Because of the extras like the ice box and the water tank that are going into the port hull, which will house the galley, this hull is a couple of stages behind the starboard hull, but catching up fast. Here you can see the main bunk panels have been glued in and paint work is finished in the compartments below.
A big step was taken on the starboard hull with the addition of the upper hull topside panels. Below you can see how much bigger the hull looks now that these are on. The accuracy of James Wharram's plans became apparent as these panels were fitted. We had lofted and cut them in the first week of construction, and today the assembled panels aligned perfectly with the already built lower hull, needing no adjustment at the stem and stern posts as we had first assumed.
The 25-gallon water tank was fitted in the port hull on a raised support of glassed-in foam. This is to get it up high enough in the V of the hull so the corners can't touch the sides. It's still has enough vertical clearance to fit under the bunk nicely.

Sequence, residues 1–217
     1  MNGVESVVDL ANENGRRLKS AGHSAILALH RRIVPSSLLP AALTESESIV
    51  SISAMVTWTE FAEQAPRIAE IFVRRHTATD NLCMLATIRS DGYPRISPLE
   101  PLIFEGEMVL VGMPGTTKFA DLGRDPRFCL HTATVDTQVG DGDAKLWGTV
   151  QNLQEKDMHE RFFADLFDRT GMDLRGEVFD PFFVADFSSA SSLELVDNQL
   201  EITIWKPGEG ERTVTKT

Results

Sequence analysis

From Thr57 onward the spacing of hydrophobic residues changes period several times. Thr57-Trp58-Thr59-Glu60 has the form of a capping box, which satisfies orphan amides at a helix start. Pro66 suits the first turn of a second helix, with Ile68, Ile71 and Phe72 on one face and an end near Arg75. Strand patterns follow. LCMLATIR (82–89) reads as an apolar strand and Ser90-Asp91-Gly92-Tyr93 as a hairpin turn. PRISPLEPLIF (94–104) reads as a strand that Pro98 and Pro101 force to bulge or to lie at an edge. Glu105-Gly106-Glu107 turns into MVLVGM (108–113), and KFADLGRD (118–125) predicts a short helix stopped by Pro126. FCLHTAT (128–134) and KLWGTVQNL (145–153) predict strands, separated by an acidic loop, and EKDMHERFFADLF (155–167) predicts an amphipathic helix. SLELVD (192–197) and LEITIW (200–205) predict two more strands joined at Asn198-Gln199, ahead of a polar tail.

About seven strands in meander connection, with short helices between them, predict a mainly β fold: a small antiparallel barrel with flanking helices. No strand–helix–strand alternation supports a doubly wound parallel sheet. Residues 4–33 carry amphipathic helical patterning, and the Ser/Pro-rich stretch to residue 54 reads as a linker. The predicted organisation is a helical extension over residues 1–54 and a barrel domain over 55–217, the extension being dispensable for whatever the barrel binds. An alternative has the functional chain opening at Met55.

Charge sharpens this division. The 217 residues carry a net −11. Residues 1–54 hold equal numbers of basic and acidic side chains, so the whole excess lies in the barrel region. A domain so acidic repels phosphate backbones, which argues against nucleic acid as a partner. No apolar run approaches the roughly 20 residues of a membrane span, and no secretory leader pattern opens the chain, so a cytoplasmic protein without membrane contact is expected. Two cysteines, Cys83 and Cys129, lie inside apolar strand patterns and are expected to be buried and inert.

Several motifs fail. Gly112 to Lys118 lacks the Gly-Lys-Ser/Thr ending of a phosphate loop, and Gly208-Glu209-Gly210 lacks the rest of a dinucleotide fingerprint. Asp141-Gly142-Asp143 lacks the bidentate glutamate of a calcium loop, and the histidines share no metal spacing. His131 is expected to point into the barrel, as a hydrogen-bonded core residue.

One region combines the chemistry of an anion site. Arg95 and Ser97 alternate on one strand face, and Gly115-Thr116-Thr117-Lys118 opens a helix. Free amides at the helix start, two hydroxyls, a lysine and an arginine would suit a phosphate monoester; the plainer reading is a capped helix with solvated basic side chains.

Here is the finished bed for the water tank, complete with fiddles to keep it firmly in position.
As soon as the topside panels were attached, filleting work began immediately, bonding the joints where the panels meet the upper sides of the bulkheads and filling the large cavities at the stem and stern posts.
The hulls are so much deeper now that ladders are necessary to get in position for working inside.
With all their recent experience in the lower hulls, the crew made quick work of the upper hullside filleting.
A view of the starboard hull profile, showing the strong sheer that is characteristic of Wharram designs. It is the blend of traditional Polynesian and Western lines that lend these simple canoe-form hulls their timeless appeal and set them apart from the crowd of modern spaceship-shaped plastic multihulls.